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Flipline Rewind: Jacksmith

By , April 6, 2016 9:17 am


At the inception of Papa’s Burgeria, we came to the realization that we could go well beyond pizza with our hands-on style of gameplay.

On that very day, we quickly scrawled down on our whiteboard the basic core structure of what makes a Papa’s game work. While doing that we quickly discussed, “Whoa, wouldn’t it be cool if you made weapons instead of food”. Not knowing where to go with the idea, we wrote “sword crafting” on the whiteboard and left it at that.

Several years and 5 Gamerias later, we wanted to try something brand-new. Although our Papa’s games were immensely popular within the casual games arena, they never quite caught on with the “core” gaming crowd. We would always see our Gamerias getting low ratings on sites geared towards fighting and RPG games, and understandably so. When you’re all about shooting hordes of zombies, a game simulating food preparation was probably not your immediate idea of a good time.

So we decided to challenge ourselves: We would make a game using the main concepts of a Gameria which would somehow appeal to both the “core” and the “casual” gamer. We immediately looked up on our whiteboard, and in that little unerased corner we noticed our years-old note mentioning “sword crafting”.

From there, ideas started pouring out…

What Went Right

1: A World of Warriors and Weapons

We started with a rough idea about the game taking place in Medieval times, where you would be playing as a blacksmith. To bridge the gap between core and casual players, we decided to leave ordinary humans out of the picture and use animals for our entire cast of characters, focusing on the animals that would be found in Europe during the Middle Ages. At one point we even had an idea that you were a field mouse riding on top of a turtle, but we decided to go with larger animals instead.

At first, we thought the whole game would be structured around building swords. However, as we started fleshing things out, we quickly realized we would need a variety of weapons to craft. Soon we “hammered” out our final list of weapon types: Swords, Bows and Arrows, Maces, Pikes, Axes, and Shields.

2. Battles and Bombs

Throughout the course of the brainstorming session, we realized how anticlimactic it would be to make all these weapons for warriors, then call it a day and close up shop. That worked for the Papa’s games, because nobody wants to sit and watch Wally eat an entire anchovy pizza. But in this game, players would know that all the real action was taking place beyond your blacksmith shop, so we decided that the player would need to come along for the ride and see how the weapons held up.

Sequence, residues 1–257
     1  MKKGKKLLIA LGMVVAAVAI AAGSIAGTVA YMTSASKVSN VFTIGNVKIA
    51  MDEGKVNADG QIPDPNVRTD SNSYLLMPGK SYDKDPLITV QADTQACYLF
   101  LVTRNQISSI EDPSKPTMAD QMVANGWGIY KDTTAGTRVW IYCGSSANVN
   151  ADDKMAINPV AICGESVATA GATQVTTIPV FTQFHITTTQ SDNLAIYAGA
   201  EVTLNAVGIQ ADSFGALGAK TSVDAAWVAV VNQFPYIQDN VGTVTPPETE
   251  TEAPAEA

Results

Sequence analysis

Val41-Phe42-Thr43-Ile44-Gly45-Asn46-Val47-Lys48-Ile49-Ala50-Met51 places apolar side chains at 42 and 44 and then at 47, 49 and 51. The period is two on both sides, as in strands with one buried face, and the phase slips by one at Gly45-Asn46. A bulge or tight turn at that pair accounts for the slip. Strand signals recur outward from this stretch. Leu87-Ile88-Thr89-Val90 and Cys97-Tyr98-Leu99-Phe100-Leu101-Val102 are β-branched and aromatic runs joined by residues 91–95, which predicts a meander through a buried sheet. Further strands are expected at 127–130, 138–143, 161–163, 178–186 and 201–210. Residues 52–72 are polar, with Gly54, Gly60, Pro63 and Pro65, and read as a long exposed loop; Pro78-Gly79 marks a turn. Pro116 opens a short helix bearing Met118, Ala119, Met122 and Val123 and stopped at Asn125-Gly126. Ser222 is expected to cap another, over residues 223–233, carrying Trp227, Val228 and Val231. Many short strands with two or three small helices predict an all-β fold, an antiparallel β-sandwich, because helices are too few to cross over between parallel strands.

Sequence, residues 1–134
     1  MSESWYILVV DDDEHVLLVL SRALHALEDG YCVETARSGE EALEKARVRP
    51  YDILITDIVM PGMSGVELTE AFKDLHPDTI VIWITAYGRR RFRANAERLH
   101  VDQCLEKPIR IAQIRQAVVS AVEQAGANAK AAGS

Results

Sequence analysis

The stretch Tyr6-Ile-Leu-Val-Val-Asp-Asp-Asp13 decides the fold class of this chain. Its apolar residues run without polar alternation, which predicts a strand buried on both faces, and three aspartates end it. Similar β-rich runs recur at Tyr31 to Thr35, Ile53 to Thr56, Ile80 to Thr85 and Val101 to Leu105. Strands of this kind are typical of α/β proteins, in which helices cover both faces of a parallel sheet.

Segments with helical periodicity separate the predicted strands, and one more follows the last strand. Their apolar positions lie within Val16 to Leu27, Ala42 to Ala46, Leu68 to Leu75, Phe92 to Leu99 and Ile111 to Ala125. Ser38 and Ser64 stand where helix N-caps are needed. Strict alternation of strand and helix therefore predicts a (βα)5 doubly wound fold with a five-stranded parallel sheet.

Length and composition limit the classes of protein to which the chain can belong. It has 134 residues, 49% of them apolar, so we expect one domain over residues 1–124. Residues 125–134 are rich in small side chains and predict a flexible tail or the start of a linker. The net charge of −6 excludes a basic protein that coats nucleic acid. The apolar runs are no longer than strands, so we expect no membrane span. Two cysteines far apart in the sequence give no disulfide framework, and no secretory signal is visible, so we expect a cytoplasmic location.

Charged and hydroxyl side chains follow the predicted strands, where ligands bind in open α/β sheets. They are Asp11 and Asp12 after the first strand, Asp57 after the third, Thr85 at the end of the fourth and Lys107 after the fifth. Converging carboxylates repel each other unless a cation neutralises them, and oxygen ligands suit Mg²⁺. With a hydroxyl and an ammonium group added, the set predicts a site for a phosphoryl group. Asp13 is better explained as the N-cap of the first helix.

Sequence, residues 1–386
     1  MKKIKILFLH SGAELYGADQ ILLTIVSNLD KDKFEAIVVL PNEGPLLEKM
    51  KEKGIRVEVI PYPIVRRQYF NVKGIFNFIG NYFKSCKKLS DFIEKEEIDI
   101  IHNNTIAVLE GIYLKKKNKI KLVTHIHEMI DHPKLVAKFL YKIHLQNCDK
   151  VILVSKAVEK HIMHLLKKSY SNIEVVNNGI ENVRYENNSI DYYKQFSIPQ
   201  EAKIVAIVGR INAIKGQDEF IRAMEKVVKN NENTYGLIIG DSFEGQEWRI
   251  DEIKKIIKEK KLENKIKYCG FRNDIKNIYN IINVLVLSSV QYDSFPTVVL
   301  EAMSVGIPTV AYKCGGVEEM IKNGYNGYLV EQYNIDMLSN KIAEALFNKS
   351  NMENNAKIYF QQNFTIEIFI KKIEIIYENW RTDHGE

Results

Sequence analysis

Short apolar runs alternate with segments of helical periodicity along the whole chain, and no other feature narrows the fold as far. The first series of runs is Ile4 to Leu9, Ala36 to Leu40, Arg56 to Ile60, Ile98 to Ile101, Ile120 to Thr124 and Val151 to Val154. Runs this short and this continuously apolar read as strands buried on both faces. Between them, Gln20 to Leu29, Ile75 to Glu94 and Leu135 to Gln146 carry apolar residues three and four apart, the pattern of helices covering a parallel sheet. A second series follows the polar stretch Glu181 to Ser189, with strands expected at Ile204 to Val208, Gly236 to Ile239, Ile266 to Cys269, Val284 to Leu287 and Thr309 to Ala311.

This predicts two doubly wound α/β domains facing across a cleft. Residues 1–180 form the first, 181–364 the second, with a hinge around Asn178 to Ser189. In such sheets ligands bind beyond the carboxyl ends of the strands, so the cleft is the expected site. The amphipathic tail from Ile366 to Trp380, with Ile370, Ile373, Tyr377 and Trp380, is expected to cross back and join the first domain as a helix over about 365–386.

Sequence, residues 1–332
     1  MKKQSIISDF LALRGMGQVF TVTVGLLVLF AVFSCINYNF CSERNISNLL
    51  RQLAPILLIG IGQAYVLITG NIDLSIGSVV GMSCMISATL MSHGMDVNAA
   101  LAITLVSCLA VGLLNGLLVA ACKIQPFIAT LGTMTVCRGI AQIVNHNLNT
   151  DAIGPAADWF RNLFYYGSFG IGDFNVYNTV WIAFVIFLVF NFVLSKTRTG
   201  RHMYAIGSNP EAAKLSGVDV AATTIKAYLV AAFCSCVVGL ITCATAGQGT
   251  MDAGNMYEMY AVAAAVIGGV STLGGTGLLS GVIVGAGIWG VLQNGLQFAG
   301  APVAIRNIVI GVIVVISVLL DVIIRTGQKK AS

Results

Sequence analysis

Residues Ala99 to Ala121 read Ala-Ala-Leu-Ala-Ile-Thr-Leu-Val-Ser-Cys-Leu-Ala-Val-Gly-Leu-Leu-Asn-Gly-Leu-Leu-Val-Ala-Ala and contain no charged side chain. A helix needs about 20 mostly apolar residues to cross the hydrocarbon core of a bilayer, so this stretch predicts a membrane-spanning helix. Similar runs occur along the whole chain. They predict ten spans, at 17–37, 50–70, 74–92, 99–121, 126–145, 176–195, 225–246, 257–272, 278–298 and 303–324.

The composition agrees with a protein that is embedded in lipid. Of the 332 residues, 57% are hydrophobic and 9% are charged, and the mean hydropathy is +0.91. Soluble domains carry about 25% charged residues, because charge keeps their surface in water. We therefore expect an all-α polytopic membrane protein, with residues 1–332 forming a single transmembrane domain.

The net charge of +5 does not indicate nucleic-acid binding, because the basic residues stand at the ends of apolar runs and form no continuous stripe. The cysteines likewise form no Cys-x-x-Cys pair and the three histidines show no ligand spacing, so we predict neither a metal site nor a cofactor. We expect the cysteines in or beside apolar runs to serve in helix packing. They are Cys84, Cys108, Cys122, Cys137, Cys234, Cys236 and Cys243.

This is when things really started to diverge from the Papa’s formula. Story ideas started flowing, where the Blacksmith was rallying the troops, and he was slowly moving down the road to the final battle. The stationary blacksmith shop soon became a traveling wagon in the distance as the troops battled in the foreground. Seeing your weapons in action would be exciting, but we decided that the player would need something to do during this time so it didn’t just seem like an extended cinematic interlude. Initially, we thought simply picking up loot that the baddies dropped would suffice. After a few tests, we realized that there needed to be something to tie the player in with the action. That’s when we came up with adding a cannon to the wagon, which could use a variety of cannonballs, each with distinct properties that could either help fight baddies or power up your party.

After we planned how the battles would work, we started to flesh out what the player’s progression would be like in the game. We started with the core concept of how progression works in Papa’s games, where you always make forward progress based on how well you perform your tasks, and you never move backwards or get overly penalized for how poorly you play. We learned in Steak and Jake that it was very frustrating to have your progress reset after making one mistake, so we try to keep this lesson in mind for all of our extended-length games. But in Jacksmith, how would a player know if they did exceptionally well crafting weapons? That’s when we decided to add a treasure chest at the farthest point of the battle trail for each day. If you crafted great weapons and used the cannon just right, you could reach these goals, but if you didn’t you would still be that much closer to your next level-up and unlockable item.